The International Festival of Authors (IFOA) is proud to take part in Harbourfront Centre’s Kuumba 2018: the longest-running Black History Month celebration in Toronto. On Wednesday, February 7 we’ll host a thought-provoking discussion about writing and authorship, and opportunities and impediments to success in the book industry. The conversation will include authors Simone Dalton, Rinaldo Walcott and Whitney French, and will be moderated by CBC Toronto journalist Dwight Drummond, and hosted by David Bradford.
Be sure to explore the work of our featured authors before this special event:
Simone Dalton‘s short story “Undersigned” in The Unpublished City
Rinaldo Walcott‘s Queer Returns: Essays On Multiculturalism, Diaspora and Black Studies and Black Like Who? Writing Black Canada
Whitney French‘s short story “Glass” in Black Notes: Young Black Voices before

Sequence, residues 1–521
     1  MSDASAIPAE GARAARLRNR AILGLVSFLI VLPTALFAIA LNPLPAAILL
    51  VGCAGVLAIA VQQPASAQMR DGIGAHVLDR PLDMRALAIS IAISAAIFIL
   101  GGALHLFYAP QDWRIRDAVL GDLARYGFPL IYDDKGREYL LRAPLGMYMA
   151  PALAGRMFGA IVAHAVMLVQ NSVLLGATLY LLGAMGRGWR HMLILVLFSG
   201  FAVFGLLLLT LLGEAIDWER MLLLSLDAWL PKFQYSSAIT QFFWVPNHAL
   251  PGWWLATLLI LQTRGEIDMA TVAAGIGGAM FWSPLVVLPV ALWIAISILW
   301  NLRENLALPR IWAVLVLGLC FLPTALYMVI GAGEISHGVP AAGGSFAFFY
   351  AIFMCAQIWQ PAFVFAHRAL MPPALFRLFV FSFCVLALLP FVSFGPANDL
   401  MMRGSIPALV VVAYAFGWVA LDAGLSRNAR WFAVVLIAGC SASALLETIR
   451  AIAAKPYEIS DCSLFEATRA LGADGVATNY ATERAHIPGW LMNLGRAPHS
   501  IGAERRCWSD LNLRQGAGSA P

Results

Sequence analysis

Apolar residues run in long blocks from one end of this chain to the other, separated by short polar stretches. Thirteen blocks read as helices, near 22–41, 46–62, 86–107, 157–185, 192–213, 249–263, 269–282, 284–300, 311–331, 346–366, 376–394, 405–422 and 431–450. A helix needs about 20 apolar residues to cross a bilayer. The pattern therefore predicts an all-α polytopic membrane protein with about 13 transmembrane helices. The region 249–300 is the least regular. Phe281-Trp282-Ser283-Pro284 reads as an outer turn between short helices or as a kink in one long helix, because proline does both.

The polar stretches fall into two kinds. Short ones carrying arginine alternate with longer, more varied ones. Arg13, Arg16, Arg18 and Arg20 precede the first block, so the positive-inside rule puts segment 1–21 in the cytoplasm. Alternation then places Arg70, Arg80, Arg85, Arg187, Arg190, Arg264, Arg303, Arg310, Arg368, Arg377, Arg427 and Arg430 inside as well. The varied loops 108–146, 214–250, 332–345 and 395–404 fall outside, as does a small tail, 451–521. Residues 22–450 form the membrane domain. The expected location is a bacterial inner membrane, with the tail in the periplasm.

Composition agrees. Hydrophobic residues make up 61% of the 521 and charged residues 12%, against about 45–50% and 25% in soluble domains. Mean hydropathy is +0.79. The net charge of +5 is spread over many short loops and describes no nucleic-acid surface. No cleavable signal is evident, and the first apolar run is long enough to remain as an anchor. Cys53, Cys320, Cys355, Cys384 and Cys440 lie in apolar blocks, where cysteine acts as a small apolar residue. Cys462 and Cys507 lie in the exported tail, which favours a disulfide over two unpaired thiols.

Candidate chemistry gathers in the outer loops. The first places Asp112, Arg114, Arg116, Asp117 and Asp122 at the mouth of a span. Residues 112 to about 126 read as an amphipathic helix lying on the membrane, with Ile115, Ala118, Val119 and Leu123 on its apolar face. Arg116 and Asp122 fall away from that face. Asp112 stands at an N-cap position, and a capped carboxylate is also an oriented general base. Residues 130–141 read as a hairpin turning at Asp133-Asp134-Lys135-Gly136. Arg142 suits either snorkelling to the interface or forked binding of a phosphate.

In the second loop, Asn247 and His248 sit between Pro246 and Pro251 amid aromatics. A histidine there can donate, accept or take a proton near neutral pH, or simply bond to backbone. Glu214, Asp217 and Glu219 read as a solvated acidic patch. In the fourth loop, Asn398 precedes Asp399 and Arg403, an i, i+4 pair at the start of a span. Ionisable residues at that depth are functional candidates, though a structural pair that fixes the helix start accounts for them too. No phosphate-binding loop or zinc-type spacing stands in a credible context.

The IFOA has had the pleasure of featuring numerous voices that honour the heritage, traditions and culture of Black communities here in Canada and across the globe. In honour of Black History Month, we’ve selected ten Black authors from the IFOA archives whose work we invite you to read this February, and all year round.
Walking Cities is a literary program connecting writers from Canada and the UK in 4 cities—Toronto, Winnipeg, Montréal and Vancouver—to exchange ideas related to identities, places and territories. The project is present by the British Council Canada and you can watch the short films here. In partnership with the British Council Canada, IFOA 2017 hosted a panel […]
Toronto’s International Festival of Authors is proud to announce the authors participating in the 2017 festival! The IFOA takes place from October 19 to the 29th at the Harbourfront Center. These eleven days are packed with readings, one-on-one interviews, thought-provoking panel discussions, special events and free book signings. Tickets go on sale on September 16th!
At #IFOA35, Canadian storytellers Dionne Brand, Joseph Kertes, Carrie Snyder and Michael Winter took the stage to discuss how we’re shaped not only by our contemporary lives, but by the past of our country. Listen to their entire conversation, moderated by Brian Francis, below.